Reaction to the US PMIs resulted in an extension of the US Treasury rally that had begun during the European session. US 2-year and 10-year rates fell by 12bps on the session, the latter now near its lowest levels since April, sitting right at the bottom of the trading range, around 2.75%. The Fed is still expected to raise its cash rate by 75bps this week, but the market now sees a 50bps hike in September as the most likely outcome (previously 75bps) and a peak in the cash rate under 3.50%. Additionally, the market is pricing almost three rate cuts in 2023, consistent with a view that the economy is likely to head into recession and inflation likely to rapidly decelerate.
US Treasuries over the past week
Looking at European equities, the sharp move lower in European rates seemingly overwhelmed any concern over a sharp economic slowdown. The Stoxx 600 Index closed 0.31% higher on Friday with regional indices also managing small gains on the day. EU equities recovered this week, (Stoxx 600 up 2.9%), notwithstanding the political crisis in Italy, concerns over Russia shutting off gas to the region and following the first-rate hike from the ECB in 11 years. That said, given ongoing uncertainties, it is hard to see EU equity gains can extend from here.
The softer US economic data didn’t help equity sentiment with the S&P 500 falling for the first time in four days (-0.93%), while the tech-heavy Nasdaq 100 underperformed major benchmarks, closing down 1.87%. Snap poor results and Twitter’s sales miss raised concern about online ad spending ahead of a new week where big US tech such as Meta and Alphabet are due to report their earnings. Still, looking at the week both the S&P 500 and NASDAQ closed higher with the move lower in UST yields seemingly helping, but of note too with just over 20% of SPX reporting to date, 75% of firms have beaten expectations, while 25% have fallen short (the earnings season so far has been relatively heavy financials, where earnings have been weak, in absolute terms).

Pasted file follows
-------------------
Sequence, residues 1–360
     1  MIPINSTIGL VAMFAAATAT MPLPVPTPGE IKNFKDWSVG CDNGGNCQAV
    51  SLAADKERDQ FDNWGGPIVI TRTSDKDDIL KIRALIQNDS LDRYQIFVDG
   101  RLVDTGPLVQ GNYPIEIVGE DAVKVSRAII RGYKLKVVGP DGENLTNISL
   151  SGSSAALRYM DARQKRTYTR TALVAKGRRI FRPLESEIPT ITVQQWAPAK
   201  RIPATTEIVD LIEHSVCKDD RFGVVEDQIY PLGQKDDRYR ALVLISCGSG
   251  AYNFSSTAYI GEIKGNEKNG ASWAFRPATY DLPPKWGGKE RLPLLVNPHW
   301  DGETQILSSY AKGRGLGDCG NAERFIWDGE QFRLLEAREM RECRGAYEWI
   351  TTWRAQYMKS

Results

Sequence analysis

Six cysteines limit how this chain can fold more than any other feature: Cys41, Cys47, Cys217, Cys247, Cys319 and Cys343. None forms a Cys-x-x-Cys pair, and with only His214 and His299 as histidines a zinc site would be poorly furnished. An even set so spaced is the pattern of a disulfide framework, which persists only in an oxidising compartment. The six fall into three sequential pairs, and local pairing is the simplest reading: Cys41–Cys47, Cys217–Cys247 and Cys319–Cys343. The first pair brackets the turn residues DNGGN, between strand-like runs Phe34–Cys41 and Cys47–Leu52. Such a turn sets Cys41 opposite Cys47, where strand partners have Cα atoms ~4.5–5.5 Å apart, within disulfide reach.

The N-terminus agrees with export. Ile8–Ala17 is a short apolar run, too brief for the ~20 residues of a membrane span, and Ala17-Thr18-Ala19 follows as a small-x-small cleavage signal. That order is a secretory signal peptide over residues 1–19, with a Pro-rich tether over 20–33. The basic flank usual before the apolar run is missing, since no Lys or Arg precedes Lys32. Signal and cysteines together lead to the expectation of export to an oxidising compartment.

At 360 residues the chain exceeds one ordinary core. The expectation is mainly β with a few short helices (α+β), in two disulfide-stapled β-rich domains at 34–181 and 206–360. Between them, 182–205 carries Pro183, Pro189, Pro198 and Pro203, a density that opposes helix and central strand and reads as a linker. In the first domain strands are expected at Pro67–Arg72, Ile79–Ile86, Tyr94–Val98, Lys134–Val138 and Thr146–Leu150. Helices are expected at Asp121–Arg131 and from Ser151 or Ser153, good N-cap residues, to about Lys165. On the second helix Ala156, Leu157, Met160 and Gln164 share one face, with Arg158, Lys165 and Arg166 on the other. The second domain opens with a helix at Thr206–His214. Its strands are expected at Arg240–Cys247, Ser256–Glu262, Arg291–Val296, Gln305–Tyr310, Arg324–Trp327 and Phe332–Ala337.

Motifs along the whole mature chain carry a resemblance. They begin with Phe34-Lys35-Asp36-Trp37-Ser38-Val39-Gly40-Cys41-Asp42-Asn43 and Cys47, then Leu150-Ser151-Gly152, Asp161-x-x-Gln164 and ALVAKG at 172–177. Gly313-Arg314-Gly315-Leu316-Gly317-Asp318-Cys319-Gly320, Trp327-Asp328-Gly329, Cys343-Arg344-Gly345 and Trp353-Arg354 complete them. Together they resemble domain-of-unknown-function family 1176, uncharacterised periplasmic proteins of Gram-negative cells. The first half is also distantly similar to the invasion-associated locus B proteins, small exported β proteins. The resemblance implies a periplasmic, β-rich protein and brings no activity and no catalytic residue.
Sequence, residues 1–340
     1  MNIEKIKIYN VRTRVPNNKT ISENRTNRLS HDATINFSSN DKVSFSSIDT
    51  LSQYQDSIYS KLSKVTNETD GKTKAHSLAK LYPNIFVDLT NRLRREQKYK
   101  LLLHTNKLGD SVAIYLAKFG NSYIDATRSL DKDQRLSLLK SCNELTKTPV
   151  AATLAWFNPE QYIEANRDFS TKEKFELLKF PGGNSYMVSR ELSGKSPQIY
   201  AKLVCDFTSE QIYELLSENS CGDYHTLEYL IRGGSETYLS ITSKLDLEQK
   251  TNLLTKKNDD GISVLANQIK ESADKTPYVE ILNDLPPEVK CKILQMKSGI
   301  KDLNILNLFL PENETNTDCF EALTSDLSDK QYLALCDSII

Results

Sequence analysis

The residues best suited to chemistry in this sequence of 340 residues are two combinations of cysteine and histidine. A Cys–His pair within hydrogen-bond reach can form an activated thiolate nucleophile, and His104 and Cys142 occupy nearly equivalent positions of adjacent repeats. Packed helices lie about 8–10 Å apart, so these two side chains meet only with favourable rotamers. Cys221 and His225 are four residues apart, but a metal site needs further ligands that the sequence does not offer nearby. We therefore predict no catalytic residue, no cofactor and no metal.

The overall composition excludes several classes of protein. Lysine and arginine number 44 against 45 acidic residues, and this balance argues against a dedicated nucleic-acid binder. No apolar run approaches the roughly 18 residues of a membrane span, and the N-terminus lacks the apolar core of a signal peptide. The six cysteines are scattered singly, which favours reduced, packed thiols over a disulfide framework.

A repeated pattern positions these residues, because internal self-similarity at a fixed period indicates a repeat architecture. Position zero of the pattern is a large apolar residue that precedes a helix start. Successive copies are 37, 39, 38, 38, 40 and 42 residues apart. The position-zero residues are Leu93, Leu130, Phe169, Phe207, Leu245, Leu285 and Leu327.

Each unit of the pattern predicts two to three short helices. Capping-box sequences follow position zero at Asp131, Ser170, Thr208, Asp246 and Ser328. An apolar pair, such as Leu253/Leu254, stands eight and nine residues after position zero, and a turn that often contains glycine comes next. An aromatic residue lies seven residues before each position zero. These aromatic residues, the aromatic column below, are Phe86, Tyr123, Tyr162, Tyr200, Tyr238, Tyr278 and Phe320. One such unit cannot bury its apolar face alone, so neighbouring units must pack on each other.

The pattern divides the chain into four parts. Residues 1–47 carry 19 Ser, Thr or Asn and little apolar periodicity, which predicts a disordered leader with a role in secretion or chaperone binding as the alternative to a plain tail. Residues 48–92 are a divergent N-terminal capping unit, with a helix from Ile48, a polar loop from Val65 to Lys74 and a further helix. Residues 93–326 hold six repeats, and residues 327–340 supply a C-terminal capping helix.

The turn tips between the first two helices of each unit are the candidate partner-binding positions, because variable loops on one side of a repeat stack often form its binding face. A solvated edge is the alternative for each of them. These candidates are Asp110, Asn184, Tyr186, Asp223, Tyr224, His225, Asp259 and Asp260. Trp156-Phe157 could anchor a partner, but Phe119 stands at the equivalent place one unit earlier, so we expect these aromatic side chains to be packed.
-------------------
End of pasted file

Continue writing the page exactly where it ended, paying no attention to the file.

Currencies had a volatile Friday with a mixed outcome for the USD on the day . JPY was the notable outperformer, helped in no small measure by the sharp declines in 10y UST yields, USD/JPY fell just over 1% to ¥136 while the euro ended 0.2% lower just above 1.02, after falling to 1.130 following the softer than expected local PMIs. After trading to an overnight high of 0.6977, the AUD was little changed on the day, closing the week at 0.6929 ( now 3 pips lower).
Looking at the week, the FX theme was a weaker US, weaker across the board with SEk and NOK the big outperformers up over 2% followed by JPY (2%) and the AUD (1.77%).
Looking at commodities, iron ore was the outperformer on Friday (+5%) and on the week (+7%) with copper also showing signs of life, after enduring sharp declines in previous weeks, the red metal was up 5% on the week. Oil prices were mixed with WTI down 1.7% in Friday and 2.96% on the week while Brent gained 2% over the past five days.